Liberal Democrat activists are planning to veto any attempt to form a second coalition government with the Conservatives.
Latest polls suggest David Cameron’s party is unlikely to secure an overall majority, so it would almost certainly need the support of the Lib Dems to stay in power for longer than a few months. But senior Lib Dems have told The Independent on Sunday that such an arrangement is undeliverable. They also believe a deal with Labour would be almost as hard to achieve.
MPs, including frontbench spokesmen, with the party’s most influential activists, say another deal with the Conservatives would not secure the approval of enough delegates at a conference that must be convened under party rules. “The activists will be saying to MPs: ‘We haven’t just bust a gut for you guys so that you can go off and be ministers for another five years,’” warned one long-serving MP. “In 2010, it was clear that we had to help create a stable country, and we were the only ones who could do it. If we’ve learnt anything from that, we’ve earned the right to say ‘no’ [to another deal]. There should be plenty of Scottish National Party MPs [elected this time]. We could say: ‘Sod it, it’s their turn – it’s up to them to make an arse of themselves this time.’”
In pictures: Rainbow coalition
Delegates must vote in favour of any plan proposed by the leadership by a two-thirds majority. In 2010, all but about 50 of the 1,500 delegates who crammed into Birmingham’s National Exhibition Centre approved the coalition agreement. Many were convinced that the dreadful economic situation meant the Lib Dems had to be part of a government of national unity. A frontbencher said: “If we’d walked away last time there would have been an enormous downside to it. We’d have looked terribly irresponsible. This time it would probably be a cliff-hanger vote – particularly with it needing two-thirds support.”
Activists feel badly hurt by a bruising stint in government with a Tory party that many of them detest, during which they were battered in the polls and lost hundreds of councillors. They felt particularly let down when Mr Clegg dropped a pledge to oppose any increase in university tuition fees, to make the coalition work.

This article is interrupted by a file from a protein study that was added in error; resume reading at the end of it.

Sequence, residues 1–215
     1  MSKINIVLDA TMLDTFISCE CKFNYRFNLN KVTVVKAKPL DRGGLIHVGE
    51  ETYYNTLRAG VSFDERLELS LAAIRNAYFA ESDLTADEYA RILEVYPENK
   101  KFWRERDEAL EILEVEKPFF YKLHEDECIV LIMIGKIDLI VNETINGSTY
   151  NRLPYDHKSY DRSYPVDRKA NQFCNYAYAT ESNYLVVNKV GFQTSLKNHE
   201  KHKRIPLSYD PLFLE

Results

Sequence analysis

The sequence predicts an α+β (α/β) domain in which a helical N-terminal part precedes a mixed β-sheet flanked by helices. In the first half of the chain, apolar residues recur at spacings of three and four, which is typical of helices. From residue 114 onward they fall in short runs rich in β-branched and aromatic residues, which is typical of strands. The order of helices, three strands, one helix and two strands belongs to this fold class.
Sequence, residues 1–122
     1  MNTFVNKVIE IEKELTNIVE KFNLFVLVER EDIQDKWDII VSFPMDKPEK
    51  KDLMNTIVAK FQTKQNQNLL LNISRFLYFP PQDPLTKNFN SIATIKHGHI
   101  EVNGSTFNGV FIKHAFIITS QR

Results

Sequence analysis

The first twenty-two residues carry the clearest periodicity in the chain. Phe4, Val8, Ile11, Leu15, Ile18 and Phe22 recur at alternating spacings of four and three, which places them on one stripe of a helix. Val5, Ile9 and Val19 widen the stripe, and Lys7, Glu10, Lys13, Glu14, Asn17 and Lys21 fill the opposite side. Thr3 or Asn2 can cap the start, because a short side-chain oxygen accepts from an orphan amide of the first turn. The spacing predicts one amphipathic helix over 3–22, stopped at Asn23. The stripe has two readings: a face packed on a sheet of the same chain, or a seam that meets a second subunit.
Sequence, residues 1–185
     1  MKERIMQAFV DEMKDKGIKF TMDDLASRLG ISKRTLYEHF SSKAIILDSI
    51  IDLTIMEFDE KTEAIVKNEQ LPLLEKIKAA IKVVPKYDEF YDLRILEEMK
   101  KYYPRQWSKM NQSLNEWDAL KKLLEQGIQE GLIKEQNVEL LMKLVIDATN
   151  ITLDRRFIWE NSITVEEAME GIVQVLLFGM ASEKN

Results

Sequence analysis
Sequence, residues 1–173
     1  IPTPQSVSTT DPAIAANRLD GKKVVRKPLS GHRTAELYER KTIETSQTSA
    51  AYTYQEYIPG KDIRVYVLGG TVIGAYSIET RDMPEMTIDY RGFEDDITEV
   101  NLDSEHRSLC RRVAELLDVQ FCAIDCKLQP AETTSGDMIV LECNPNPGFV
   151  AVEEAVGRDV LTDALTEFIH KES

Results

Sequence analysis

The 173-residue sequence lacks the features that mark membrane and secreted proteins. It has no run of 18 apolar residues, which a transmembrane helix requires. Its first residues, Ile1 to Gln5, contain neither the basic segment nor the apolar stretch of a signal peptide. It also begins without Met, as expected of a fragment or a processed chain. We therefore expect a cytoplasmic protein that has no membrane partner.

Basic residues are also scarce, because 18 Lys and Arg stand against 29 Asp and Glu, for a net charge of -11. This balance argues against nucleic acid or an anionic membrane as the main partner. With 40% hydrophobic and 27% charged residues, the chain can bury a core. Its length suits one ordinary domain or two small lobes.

A member of the Federal Conference Committee warned: “I can’t see the party voting for another Tory coalition. There are not enough people who want it. It would be difficult with Labour – more and more people are saying: ‘Goodness, let’s take a step back.’”
An MP who backed Mr Clegg for the leadership in 2007 agreed that even a vote to form a coalition with Labour would be on a “knife edge”. He said: “Labour or Tory? It’s difficult either way. The wider party would take an awful lot of convincing. The only way would be a coalition deal full of Liberal Democrat policies with no nasty stuff after last time. That’s probably beyond what another party could offer.”
A member of the Federal Executive, which acts as a kind of conduit between parliamentarians, councillors and activists, warned that party factions could end up turning on each other. “The hurdles to be jumped will be higher than they were before. One thing I’m starting to worry about is this two-thirds majority – what if you get 51 per cent support?”
Activists could even block a looser confidence and supply arrangement, whereby Lib Dem MPs would support a minority government on key votes. A member of the powerful Federal Policy Committee said their “reading” of the party’s constitution was that this too might require approval at a conference.
A Lib Dem spokesman said: “If the opportunity arises in May, our party members will again vote for what they believe to be in the national interest – a liberal, more democratic Britain with a stronger economy and fairer society at its heart.”
The Independent has got together with May2015.com to produce a poll of polls that produces the most up-to-date data in as close to real time as possible.
Click the buttons below to explore how the main parties' fortunes have changed:Reuse content